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AA Takes on Budget Carriers With New “No Frills” Fares

In the hope of better competing with ultra-low fare carriers, American will introduce its own ultra-low cost fares with added restrictions and fewer perks.

American Airlines is planning a new ticket class in hopes of luring frugal flyers away from budget carriers like Spirit and Frontier. Basic Economy fares are scheduled to be available for select flights early next year. The low-cost tickets will come with extra restrictions and fewer amenities.

Airline officials discussed the new fare class Friday during a third-quarter earnings call with analysts and investors. Despite enjoying the highest quarterly profit in the airline’s history, CEO Scott Kirby said the legacy carrier is facing increasingly steep competition from “no frills” carriers, especially at American’s Dallas/Fort Worth International Airport (DFW) hub.

“Given that 50 percent of our revenue is up for grabs in these markets, and these carriers have had so much success when they weren’t matched,” said Kirby. “We know that we have to match their fares.”

Company officials say that matching fares of budget carriers such as Spirit and Frontier will require matching those airline’s restrictive policies on the cheap tickets. American will follow Delta Air Lines lead in creating a special fare class that comes with special restrictions. Delta’s Basic Economy tickets offer competitive prices on mainline flights, but the tickets are non-refundable, travel does not accumulate frequent flyer points, passengers are not eligible for upgrades and seat selection is not available.

Kirby is banking that customers who are used to flying no frills airlines will be willing to trade these amenities for the cheapest fare available without alienating its flyers who have come to expect a higher standard of customer service.

“We will do more to disaggregate and really do more to have a product that has less frills,” Kirby explained to investors. “That will allow us to offer a product that is competitive on price with ultra-low-cost carriers, but also customers who want a better product and are frequent fliers, who want a better seat on the airplane. We can give them the choice of not paying that fare and having a better product.”

[Photo: American Airlines]

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13 Comments
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jediwho November 1, 2015

Most of the comments here hit the mark. AA, DAL and UA are digging their own grave essentially. They are making their programs less lucrative, status more difficult and in many cases, their FF programs will end up being worse than those offered by point to point carriers (LCC). One of the best FF program is from LUV where they offer free companion ticket. LCCs are growing capacity anywhere from 5% to 10% a year and currently have more than 30% market share. At this rate, they will have close to 40% in five years and still keep their planes full. LUV and JBLU have already started flying international and I can't wait until they start flying some longer route. Regarding business flyers, a and a few people I know flying for business have started using JetBlue Mint for transcon vs. UA despite having a status. Speaks volumes of how messed up US/DAL programs are. If I was UA/AA/DAL, I would be strengthening my FF programs and make them ironclad.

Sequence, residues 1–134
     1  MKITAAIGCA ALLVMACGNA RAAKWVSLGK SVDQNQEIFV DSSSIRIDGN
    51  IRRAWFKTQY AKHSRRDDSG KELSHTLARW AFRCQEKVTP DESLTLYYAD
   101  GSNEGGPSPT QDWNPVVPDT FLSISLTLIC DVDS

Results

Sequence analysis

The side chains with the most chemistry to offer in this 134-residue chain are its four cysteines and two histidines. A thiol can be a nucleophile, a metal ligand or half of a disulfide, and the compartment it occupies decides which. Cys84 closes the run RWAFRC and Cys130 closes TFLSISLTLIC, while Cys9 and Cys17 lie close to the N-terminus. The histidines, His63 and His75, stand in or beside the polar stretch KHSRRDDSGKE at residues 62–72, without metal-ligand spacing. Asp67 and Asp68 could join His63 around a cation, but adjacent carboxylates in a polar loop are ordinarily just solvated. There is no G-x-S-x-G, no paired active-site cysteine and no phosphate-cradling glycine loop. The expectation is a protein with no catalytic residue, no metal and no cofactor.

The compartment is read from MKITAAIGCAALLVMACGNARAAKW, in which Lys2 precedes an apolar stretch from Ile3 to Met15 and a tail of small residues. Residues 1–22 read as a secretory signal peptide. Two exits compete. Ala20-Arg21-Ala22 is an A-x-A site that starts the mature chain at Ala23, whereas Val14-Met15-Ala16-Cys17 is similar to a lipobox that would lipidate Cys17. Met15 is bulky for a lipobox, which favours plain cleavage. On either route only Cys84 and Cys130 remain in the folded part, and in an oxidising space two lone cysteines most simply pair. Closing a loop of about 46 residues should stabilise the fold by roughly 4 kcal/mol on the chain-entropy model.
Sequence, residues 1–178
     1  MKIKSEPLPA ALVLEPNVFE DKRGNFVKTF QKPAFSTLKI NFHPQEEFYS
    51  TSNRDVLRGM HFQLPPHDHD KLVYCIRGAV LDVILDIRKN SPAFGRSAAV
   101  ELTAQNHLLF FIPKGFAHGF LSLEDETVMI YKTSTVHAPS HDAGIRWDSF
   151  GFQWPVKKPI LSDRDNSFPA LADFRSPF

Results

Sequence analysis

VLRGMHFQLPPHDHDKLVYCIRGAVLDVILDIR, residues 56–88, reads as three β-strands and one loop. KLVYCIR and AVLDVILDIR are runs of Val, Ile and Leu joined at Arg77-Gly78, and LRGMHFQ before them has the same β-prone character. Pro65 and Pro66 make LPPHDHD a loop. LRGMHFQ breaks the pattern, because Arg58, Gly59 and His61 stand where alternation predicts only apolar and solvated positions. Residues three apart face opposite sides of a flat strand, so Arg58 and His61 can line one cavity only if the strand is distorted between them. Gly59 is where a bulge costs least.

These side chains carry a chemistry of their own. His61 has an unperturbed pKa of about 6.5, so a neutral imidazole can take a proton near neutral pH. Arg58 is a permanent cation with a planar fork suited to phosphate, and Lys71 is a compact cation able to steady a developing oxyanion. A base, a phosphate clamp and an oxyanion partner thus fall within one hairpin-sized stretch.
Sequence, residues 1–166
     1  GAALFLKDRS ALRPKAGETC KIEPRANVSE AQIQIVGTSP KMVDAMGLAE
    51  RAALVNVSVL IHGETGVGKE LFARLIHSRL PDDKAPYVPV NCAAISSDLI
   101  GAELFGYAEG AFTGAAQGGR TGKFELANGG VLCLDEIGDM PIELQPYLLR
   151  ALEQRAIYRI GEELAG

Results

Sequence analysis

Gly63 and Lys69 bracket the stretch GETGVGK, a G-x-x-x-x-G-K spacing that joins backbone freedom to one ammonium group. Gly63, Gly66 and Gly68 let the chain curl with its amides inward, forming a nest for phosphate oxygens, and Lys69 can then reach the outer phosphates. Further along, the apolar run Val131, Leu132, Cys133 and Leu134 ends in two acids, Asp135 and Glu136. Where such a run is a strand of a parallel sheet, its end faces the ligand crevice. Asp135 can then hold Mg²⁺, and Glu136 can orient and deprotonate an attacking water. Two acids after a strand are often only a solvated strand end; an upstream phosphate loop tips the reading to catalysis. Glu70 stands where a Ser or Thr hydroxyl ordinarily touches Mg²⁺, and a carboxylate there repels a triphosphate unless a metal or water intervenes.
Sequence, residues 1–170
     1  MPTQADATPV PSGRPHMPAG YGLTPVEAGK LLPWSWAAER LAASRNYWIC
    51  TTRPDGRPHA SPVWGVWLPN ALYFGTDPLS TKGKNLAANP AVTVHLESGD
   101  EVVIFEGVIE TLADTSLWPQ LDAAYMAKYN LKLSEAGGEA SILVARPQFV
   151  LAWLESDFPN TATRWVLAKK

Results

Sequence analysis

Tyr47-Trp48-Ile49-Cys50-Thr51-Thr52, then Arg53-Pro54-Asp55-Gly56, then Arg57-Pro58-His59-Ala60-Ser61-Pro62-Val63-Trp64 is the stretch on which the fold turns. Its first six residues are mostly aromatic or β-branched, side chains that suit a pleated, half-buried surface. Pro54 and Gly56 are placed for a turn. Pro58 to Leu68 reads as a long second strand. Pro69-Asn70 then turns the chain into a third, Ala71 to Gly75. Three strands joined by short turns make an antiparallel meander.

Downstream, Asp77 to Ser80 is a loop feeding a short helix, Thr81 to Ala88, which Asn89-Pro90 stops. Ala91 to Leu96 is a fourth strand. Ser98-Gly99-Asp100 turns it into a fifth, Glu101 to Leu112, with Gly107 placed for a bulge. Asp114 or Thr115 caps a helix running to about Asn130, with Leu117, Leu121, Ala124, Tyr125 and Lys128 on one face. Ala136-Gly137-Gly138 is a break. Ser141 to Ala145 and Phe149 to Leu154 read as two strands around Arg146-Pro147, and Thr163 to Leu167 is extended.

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Anton Von Bresson October 30, 2015

Oooops I thought AA was no frills already?!

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_bart_ October 29, 2015

Here's the deal: employer will insist on the cheapest fare (remember: no upgrade, no miles, most likely a middle seat since you can't choose the seat). My EXP status won't get me anything (except maybe boarding early). The result? American: happy to get my company's business Employer: happy to save money Me: pissed - Can't imagine clocking over 100K+ miles per year in these conditions, and not even getting any credit for it. If it turns out the way I predict here, I'll quickly be looking to traveling on another airline. Even if that means changing job. A shame after qualifying for EXP 10 years in a row, but I'm sure others will be happy to get by business!

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Sydneyberlin October 29, 2015

I almost always buy first class tickets anyway and this is just another reason to continue doing so. The issue starts when they introduce those cheap fares and then the great unwashed on their cheap tickets make life hell for the ones who have paid their decent fares. British Airways had this system for years and it always creates a mess on overhead luggage storage taken by the cheapies and even, my personal pet hate, them using the toilet up the front with the crew not even blithering an eye.

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physina October 29, 2015

I flew 4 segments on American last week. Two of them were over 3.5 hours long. They never offered snacks on any of the flights just beverages. That is on their regular standard fare so they are already cutting perks without cutting price.